Housing the displaced remains a challenge as rains approach

Tuesday September 8 2020

disasters

Several families displaced by disasters this year still find the going tough months later after failing to secure alternative plots or build shelters in areas designated as safer by the authorities. Photo | Cyril Ndegeya 

JOHNSON KANAMUGIRE
By JOHNSON KANAMUGIRE
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Several families displaced by the April-June rain disasters are yet to find new permanent homes in areas designated as safe by the authorities.

Local government entities had temporarily housed thousands of families in school and church facilities as they made plans for land in designated planned settlement sites also known as Imidugudu, and put up shelters.

But with many having lost properties, and having no money, hopes of recovered livelihoods is fading away by the day.

Rwanda Today has learnt that efforts by government to house the vulnerable among them decelerated due to the coronavirus pandemic that not only diverted authorities’ attention but also disrupted pace of interventions across the seven districts worst hit by the rains.

“It is not everyone who has land in Umudugudu site, so one has to buy or seek plot owners who are willing to be compensated with arable land in a different location.

That has not been easy because most here own fragmented land parcels in high risk areas and most were washed away by the floods,” said Jeremie Ntibakundiye, who heads the family in Shyira sector of Nyabihu district, where an estimated 280 families are still stranded months after heavy rains destroyed their homes.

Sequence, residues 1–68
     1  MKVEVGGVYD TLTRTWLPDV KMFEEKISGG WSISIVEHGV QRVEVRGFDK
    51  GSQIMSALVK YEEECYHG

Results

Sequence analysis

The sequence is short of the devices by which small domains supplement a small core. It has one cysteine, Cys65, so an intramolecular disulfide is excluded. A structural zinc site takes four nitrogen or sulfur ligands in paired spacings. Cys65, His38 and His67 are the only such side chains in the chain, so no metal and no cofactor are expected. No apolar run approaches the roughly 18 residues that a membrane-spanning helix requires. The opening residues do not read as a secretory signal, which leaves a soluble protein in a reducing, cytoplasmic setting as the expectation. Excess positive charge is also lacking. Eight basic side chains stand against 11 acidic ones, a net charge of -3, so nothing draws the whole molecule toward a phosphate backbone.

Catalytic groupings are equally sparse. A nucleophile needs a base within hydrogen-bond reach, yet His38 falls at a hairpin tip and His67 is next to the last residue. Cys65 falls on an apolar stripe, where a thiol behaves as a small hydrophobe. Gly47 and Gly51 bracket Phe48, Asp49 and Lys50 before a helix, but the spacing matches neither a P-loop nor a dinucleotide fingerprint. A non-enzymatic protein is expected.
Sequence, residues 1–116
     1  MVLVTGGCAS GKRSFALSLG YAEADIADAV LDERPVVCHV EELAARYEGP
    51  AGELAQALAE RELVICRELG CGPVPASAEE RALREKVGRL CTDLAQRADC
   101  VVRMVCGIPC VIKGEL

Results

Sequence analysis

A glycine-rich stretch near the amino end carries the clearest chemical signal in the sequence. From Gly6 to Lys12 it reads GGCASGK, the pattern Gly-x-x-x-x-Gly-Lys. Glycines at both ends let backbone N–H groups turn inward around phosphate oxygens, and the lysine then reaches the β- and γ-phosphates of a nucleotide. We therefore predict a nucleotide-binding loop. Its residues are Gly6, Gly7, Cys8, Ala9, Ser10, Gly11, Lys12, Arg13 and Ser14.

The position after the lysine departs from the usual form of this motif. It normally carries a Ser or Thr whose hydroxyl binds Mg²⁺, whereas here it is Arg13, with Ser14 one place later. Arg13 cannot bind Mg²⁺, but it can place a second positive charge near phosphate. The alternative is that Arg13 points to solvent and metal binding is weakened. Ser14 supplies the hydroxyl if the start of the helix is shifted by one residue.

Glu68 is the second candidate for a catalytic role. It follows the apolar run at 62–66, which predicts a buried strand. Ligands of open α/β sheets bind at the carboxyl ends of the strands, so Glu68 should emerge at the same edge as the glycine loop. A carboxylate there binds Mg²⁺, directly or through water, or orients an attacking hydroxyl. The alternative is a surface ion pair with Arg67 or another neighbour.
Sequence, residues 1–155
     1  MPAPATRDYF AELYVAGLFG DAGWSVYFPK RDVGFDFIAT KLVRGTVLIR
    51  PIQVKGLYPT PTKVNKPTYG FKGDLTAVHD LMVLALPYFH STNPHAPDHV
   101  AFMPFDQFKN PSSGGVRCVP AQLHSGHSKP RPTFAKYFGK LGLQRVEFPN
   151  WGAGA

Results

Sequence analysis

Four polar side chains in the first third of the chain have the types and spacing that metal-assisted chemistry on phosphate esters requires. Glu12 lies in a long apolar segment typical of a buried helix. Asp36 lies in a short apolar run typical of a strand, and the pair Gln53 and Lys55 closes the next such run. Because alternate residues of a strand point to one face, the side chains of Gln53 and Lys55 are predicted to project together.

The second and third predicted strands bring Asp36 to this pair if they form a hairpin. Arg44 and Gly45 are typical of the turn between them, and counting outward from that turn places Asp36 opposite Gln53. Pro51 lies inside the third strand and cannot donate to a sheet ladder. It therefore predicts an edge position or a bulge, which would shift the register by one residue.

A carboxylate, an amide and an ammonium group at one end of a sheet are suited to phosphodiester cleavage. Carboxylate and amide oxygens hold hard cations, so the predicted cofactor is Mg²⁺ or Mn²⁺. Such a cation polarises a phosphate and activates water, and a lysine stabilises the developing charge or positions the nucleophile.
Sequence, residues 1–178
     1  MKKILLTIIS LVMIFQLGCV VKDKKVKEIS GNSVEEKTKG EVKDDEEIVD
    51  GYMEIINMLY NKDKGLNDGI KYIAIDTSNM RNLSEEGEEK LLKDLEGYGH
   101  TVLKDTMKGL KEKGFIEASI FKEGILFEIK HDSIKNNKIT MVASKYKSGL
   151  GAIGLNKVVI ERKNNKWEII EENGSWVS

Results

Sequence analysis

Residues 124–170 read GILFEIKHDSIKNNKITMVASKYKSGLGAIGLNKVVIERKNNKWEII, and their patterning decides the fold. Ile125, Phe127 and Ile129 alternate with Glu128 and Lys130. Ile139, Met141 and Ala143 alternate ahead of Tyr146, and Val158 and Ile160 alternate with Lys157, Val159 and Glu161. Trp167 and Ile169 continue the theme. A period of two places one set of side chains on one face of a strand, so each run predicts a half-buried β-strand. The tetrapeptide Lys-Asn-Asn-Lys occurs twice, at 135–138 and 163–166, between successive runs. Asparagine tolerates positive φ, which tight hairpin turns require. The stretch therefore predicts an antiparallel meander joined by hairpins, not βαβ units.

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Placide Bizimana, Shyira Sector Executive Secretary said the districts with the help of the central government and partners would cater for the housing needs for families with genuine concerns, although he did not give the timelines.

In Ngororero District with 2,247 displaced families, more than 1,432 families still struggle to find somewhere they can call home months later.

District Mayor Godefroid Ndayambaje admits that plot acquisition in designated sites is complicated but the district intervened for “genuinely” vulnerable families to acquire plots and put up homes using the district budget.

“We are doing everything possible to have them housed by end of this dry season,” he said.

Rwanda Today learnt that besides several districts making sure the homeless families leave the school and church facilities, neighbours are hosting a big number of those with limited means to rent or build, while a section is staying in accommodation rented with the help of either the government or well-wishers.

The homeless families and thousands still trapped in areas deemed prone to disasters in Kigali City, secondary cities and rural districts are expected to exacerbate the housing problem when September-November rains hit again.

Nyarugenge district, where official statistics indicate that April-June rains destroyed 323 houses now has estimated 20,176 families still trapped in areas deemed prone to disasters.

Ministry of Emergency Management had in May told Rwanda Today it was carrying out a post disaster needs assessment for a clear roadmap towards addressing the homelessness issue.

However, when contacted for updates, it indicated that the only available details were about ongoing recovery activities but did not provide the data by press time.       


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